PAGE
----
PRINT October 2012


M. F. Husain’s Through the Eyes of a Painter

Two stills from M. F. Husain’s Through the Eyes of a Painter, 1967, TK mm, black-and-white, 17 minutes 35 seconds.

IN A RADICAL AND SHORT-LIVED initiative in the 1960s, India’s national Films Division (established as a documentary unit just after independence in 1947) invited artists and filmmakers to develop their own experimental projects. Under the direction of visionary chief advisor Jean Bhownagary, this was a major undertaking for a country with a fledgling infrastructure to support even conventional art forms; ironically, it led to experimental cinema in India emerging with the government’s funding and at its insistence rather than in opposition to it. In 1967, this gave prominent painter Maqbool Fida Husain the opportunity to try his hand at film, resulting in Through the Eyes of a Painter, a fragmentary, black-and-white vision of the landscape of Rajasthan running just under eighteen minutes. The film went on to win a Golden Bear at the Berlin International Film Festival, one example of the success of the Films Division’s outreach to artists.

Husain’s first job after arriving in Bombay in 1937 was painting film billboards. By the 1960s, he was among the country’s most recognizable art stars; his fame developed equally around his charismatic, eccentric personality—he traveled across the country barefoot, but in perfectly tailored suits—and around his prolific paintings, allegedly some 60,000 works by the time of his death in 2011 at the age of ninety-five. Combining quasi-cubist and folk painting styles, Husain depicted India’s ancient epics as well as figures drawn from contemporary life to develop an image and identity of “Indianness” corresponding to the country’s secular, modernist aspirations. (However, because he was a Muslim, Husain’s representations of Hindu goddesses in the nude led to his censure by right-wing Hindu groups and subsequent self-exile in 2006.)

Seated in front of his own painting of the Hindu god Ganesh, Husain opens Through the Eyes of a Painter with brush in hand, reinforcing the primary artistic identification already suggested by its title. He tells us, “I have tried to tackle the film medium with the feeling of a painter. They are unrelated moving visuals juxtaposed to create a total form, a total poetic form,” hinting at the abstraction of the sequences to follow. We are then launched into a seemingly endless desert, viewed from a moving vehicle along a bumpy road.

The camera is the painter’s eye and our guide, focusing on the variety of textures in the landscape: panning slowly over the roughness of a rock face or crumbling fort, the undulations of sandy dunes and brick walls, and hands fingering rope. The lens also seeks modulations of light, from a painter’s silhouette on a sheet to the deeply shadowed passageways where the camera lingers, waiting for a figure to cross the otherwise empty frame. As if to emphasize these effects, drawings appear constantly—on walls, underwater, lying flat to dry on straw, and even on the side of a cow. And Husain lets natural contours and movement draw an image in the frame too, as when an abstracted line becomes muddy tracks and then the broader view of a thoroughfare.

Such transitory scenes alternate with carefully framed static compositions. Creating a kind of cinematic still life, the camera zooms in and out to reveal Husain’s interjections of three decontextualized, ordinary objects (all of which often feature in his paintings): a lantern resting in a nook of a rock face, an open umbrella dangling from the side of a Rajasthani haveli (mansion), and a traditional khussa shoe perched on the railing of a rooftop. These props are first introduced through Husain’s own sketches in the opening credits; during the film, Husain divorces them from any diegetic setting or use. At the same time, the objects’ recurring appearance in the architecture of a scene becomes whimsically disruptive, as when an umbrella falling slowly from the side of a building directly follows a sequence in which a stick falls from the hand of a boy traveling on the back of a cart. (Adding to this caprice is the film’s soundtrack, scored by legendary composer Pandit Vijay Raghav Rao, which playfully mimics such movements via corresponding leitmotifs.)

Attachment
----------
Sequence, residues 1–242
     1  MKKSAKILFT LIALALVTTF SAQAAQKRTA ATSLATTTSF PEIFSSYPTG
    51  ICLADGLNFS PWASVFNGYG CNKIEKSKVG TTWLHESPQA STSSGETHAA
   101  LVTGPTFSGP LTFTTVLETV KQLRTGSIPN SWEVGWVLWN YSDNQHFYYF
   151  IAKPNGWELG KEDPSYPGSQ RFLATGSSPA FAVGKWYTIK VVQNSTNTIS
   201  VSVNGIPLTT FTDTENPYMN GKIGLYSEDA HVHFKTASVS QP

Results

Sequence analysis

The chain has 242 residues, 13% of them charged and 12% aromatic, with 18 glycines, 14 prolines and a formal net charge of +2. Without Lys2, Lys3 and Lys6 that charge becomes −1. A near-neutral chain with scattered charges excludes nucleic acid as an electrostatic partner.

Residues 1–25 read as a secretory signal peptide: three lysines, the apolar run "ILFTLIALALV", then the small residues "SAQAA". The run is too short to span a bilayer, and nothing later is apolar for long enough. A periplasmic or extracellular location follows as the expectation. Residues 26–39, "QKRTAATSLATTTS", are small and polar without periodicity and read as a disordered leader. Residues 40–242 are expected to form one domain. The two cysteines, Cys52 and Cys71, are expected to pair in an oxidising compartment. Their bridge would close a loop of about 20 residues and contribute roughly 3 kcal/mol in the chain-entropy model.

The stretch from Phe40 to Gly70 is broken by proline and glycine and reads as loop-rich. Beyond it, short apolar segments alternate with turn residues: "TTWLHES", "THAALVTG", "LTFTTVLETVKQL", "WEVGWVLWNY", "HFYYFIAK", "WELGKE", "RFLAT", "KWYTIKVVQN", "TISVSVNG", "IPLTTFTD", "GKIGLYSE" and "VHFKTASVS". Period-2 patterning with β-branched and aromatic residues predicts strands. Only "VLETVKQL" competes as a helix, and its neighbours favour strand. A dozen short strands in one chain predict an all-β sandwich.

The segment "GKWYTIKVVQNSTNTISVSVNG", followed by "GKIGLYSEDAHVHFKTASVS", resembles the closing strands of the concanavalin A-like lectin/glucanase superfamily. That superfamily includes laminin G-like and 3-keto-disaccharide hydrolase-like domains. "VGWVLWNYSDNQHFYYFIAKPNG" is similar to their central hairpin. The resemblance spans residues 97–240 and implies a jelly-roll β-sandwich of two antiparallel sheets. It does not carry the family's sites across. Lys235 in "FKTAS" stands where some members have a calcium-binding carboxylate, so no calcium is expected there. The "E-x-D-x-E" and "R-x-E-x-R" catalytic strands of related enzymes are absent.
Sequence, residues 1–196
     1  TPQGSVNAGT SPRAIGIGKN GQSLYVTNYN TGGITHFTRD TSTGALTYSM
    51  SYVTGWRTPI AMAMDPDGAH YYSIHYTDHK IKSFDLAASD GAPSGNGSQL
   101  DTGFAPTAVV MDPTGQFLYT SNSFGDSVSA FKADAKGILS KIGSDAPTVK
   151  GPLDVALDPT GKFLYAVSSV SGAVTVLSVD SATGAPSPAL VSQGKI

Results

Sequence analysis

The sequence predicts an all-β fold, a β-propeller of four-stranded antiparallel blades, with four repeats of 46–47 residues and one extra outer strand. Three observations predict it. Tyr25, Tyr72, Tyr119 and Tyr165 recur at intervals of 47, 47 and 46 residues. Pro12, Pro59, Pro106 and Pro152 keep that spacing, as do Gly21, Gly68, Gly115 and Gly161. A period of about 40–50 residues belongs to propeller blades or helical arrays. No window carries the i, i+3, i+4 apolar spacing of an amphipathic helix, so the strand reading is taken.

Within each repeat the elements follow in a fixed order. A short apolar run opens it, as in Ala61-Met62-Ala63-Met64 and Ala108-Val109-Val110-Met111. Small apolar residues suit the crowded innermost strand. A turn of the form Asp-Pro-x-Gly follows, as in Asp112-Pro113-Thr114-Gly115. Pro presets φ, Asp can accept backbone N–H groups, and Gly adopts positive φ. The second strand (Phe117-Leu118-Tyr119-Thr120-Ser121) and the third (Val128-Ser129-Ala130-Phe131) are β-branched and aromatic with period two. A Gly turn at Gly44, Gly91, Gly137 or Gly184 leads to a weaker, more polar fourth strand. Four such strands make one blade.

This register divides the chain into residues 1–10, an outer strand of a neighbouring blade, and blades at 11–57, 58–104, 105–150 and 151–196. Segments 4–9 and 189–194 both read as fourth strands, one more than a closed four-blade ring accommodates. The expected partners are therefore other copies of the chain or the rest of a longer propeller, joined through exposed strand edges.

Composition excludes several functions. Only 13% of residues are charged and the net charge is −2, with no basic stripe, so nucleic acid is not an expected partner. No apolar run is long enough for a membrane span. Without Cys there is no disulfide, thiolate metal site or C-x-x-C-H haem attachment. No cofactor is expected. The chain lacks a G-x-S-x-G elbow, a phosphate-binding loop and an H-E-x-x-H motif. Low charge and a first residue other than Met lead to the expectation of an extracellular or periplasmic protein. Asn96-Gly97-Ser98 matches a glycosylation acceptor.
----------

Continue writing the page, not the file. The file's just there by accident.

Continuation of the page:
The film concludes with another jolting pan from a vehicle, now moving in the opposite direction from the opening sequence. No destination is ever reached, imparting an intentionally detached, touristic view. The glancing brevity of Husain’s film reflects his own peripatetic habits more directly than do any of his paintings. But it may also assess the nationalist mission of the governing body that funded his project. As an extension of the nation-building campaign of Prime Minister Jawaharal Nehru, the Films Division had commissioned documentaries on rural India in an earlier initiative called “Know Our Country.” Perhaps Husain alludes to the inevitable shortcomings of this program through the film’s pseudoethnographic scenes of local life: for instance, a bird’s-eye view of women washing their bodies and clothes, or a group of schoolchildren sitting under a tree near a phonograph, who scatter in all directions when a bell rings.

If Husain’s potential critique is ultimately subsumed into visual poetics, Through the Eyes of a Painter marks a pivotal moment of experimentation in India’s rich film history. It also inaugurates Husain’s excursion into a medium that he would eventually return to under a very different pretext, producing two lengthy, Bollywoodesque odes to his actress muse Madhuri Dixit in the 2000s. Yet it was only in his first film that Husain integrated the material and compositional concerns of his painting practice with celluloid’s dynamism, offering something like a total perceptual form.

Beth Citron is an assistant curator at the Rubin Museum of Art, New York.